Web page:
This paper was not considered human subjects research because it used publicly available data, and as such was exempt from human subject approval.
Volume of Mental Health Search Queries Across the United States
We estimated the total volume of search queries related to mental health by comparing and using a reported value of search terms from the Google Trends trending terms in the United States for a given day, multiplying the normalized value of each mental health term, and then dividing by the comparison term with the known absolute increase value noted across the United States. Based on this method, there were a total of 9,717,876 total searches on mental health from March 18 through March 23, 2020, (we only calculated the total search volume beginning on March 18 rather than March 16 as we were not aware of the absolute search volume terms being reported until March 25; the hour-to-hour measures reported in Google Trends only goes back a total of 7 days). Seefor a breakdown of searches per search term. Based on the average number of searches per day between March 18-23, we estimated that approximately 13 million mental health search queries were conducted between March 16-23.
Mental Health Symptom Searches and Stay-at-Home Orders
We found a significant association between queries involving 14 (of 19 total) mental health search terms and implementation of stay-at-home orders (seefor a summary). Our results showed nonlinear changes in 12 of these mental health symptoms over time associated with the announcement of stay-at-home orders. In particular, “afraid,” “anxiety,” “apathy,” “avoiding,” “hopeless,” “insomnia,” “irritable,” “procrastinate,” “restless,” “suicide,” “suicidality,” and “worthless” each showed rapid increases in search queries several days prior to the official enactment of the stay-at-home policies (see and and Supplementary Figures A1-A3 in ). Moreover, each of these terms was associated with a leveling-off effect approximately 2 days prior to the implementation of the stay-at-home policy (ie, approximately the same time as the stay-at-home policy was announced). For all but 1 of these 12 symptoms (ie, “avoiding”), the leveling off remained consistent through the last day of data collection. Note that the terms associated with the strongest changes in these trends were “afraid,” “suicide,” “anxiety,” and “suicidal” (see ).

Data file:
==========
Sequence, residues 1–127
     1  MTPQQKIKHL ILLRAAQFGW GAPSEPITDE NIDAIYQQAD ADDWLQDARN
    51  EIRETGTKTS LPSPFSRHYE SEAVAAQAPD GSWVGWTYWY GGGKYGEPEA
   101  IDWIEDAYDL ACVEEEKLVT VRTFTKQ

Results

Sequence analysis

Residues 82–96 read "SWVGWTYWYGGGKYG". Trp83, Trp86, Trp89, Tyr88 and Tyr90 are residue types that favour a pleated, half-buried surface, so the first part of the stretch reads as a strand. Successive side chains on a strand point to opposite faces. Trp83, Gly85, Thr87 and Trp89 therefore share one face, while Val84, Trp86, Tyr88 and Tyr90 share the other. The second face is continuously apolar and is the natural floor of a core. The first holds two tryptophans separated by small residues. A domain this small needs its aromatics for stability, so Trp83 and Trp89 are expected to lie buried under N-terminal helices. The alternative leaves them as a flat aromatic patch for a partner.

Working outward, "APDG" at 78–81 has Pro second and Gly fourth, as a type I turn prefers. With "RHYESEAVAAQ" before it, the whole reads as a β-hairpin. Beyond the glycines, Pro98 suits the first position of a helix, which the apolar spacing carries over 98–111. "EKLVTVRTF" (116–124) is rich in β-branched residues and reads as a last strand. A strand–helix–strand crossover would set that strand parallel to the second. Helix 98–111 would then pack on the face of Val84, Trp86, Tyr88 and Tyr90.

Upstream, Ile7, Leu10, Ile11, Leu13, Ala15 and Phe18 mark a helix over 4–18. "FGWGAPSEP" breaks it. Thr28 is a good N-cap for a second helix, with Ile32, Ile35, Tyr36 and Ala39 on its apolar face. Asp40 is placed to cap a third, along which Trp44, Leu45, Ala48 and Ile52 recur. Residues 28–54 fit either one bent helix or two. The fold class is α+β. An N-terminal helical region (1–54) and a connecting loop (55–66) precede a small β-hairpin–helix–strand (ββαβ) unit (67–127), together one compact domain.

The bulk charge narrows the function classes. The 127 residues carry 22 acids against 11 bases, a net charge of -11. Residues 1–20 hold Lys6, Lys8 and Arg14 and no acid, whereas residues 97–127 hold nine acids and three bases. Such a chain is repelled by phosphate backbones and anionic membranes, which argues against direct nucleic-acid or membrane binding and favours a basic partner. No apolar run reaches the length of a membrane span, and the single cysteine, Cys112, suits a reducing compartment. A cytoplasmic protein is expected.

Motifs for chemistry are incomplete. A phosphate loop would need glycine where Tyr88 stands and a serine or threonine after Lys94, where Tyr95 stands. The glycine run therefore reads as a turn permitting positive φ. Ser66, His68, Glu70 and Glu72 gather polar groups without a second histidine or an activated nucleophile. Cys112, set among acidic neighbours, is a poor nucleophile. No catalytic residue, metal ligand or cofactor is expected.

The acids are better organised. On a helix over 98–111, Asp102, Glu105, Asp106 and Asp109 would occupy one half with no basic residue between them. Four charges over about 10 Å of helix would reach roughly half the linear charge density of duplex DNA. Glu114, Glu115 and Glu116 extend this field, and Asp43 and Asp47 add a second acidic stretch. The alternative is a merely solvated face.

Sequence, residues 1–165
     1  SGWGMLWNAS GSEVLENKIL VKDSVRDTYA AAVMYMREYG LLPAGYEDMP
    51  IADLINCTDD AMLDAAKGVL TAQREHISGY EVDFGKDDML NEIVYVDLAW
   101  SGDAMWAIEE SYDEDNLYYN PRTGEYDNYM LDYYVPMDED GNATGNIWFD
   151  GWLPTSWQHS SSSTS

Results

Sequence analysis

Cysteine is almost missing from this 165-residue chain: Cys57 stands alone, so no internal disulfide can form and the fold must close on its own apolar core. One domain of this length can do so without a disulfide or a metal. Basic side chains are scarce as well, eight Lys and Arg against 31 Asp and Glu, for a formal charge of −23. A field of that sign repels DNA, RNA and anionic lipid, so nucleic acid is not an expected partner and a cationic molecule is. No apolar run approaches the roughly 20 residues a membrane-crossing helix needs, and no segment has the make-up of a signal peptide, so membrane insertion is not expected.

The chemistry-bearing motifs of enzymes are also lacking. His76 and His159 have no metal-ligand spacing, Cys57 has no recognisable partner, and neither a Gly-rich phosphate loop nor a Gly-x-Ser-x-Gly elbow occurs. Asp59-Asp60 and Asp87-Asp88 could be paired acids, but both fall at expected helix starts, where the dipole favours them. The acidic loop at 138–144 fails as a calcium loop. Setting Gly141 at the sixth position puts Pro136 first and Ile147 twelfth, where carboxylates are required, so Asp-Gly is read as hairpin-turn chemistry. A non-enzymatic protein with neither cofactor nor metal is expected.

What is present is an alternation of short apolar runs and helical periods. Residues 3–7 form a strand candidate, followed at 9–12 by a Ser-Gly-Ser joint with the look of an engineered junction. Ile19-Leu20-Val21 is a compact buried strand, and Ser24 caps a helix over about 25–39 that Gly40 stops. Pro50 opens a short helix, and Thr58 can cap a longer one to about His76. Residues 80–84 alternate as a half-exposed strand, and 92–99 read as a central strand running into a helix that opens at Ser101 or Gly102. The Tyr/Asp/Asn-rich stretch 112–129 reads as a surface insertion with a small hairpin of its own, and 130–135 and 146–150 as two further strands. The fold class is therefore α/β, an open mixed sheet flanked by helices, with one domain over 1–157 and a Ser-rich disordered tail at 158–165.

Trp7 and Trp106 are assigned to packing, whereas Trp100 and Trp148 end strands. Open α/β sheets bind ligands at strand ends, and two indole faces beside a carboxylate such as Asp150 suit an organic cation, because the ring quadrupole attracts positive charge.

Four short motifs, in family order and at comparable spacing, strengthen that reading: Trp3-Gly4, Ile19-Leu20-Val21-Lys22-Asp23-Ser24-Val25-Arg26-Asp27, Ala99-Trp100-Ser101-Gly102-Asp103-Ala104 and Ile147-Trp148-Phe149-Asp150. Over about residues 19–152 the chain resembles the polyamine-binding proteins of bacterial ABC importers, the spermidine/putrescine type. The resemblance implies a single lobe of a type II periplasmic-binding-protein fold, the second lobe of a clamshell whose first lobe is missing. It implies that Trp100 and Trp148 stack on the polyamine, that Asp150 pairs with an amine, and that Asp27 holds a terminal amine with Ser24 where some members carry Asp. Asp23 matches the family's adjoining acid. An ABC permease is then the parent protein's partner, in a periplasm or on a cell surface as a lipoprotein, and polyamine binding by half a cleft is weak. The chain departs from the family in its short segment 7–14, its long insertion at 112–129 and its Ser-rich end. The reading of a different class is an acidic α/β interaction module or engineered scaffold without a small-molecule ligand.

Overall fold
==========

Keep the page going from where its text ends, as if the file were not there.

|Search term||EDFb||Ref.dfc||F||P valued|
aThis table corresponds to the test of the term s2 in the model.
bEDF stands for the model estimated residual degrees of freedom, where 1 corresponds to a linear deviation from the time trend.
cRef.df refers to the number of model data minus the model degrees of freedom.
dSignificant values represent the difference between what would have happened in a state with a stay-at-home policy intervention and what would have happened in the absence of that intervention.
eOCD: obsessive-compulsive disorder.
Non-COVID-19 Physical Health Symptom Searches and Stay-at-Home Orders
In contrast to the mental health terms (where 14 of the 19 symptoms evidenced significant changes related to stay-at-home orders, 12 of which were associated with significant leveling off), only 7 of the 22 nonrelated physical health symptoms demonstrated changes over time related to the timing of stay-at-home orders (see Supplemental Table A1 in). Of the 7, only 2 of these symptoms demonstrated a leveling-off effect (ie, flatulence and discharge). In addition, the effects of these symptoms were notably later and less extreme than those of the mental health symptoms (see Supplementary Figures A4 and A5 in ). Taken together, this suggests that the extreme leveling off associated with mental health symptoms was not replicated in the non-COVID-19 physical health symptoms.
COVID-19 Physical Health Symptom Searches and Stay-at-Home Orders
Likewise, in contrast to mental health symptoms, only 6 of the 15 COVID-19 symptoms were significantly related to stay-at-home orders (see Supplemental Table A2 in). Of these 6 symptoms, only 2 symptoms (fever and pain) were increasing before the initiation of the stay-at-home order, and they leveled off after the order was officially in place (see Supplementary Figures A6 and A7 in ). Note that the findings of the COVID-19 physical health symptoms continue to suggest that stay-at-home orders appear to more saliently impact mental health compared to COVID-19–related physical health.
This paper investigates the consequences of stay-at-home policies to prevent the spread of COVID-19 on changes in mental health symptom searches. The analysis is based on more than 10 million mental health Google searches within the United States. The results suggested that there were large shifts in mental health symptom searches linked to stay-at-home orders between the period of March 16-23, 2020. Particularly, the results indicated that topics related to anxiety (ie, fear, anxiety, avoiding, restlessness, procrastination), negative thoughts about oneself and the future (ie, hopelessness and worthless), sleep disturbances (ie, insomnia), and suicidal ideation (ie, suicide, suicidal) were each associated with dramatic increases prior to stay-at-home orders being announced with subsequent and considerable leveling off during these periods, approximately the same time as the stay-at-home orders were announced and enacted.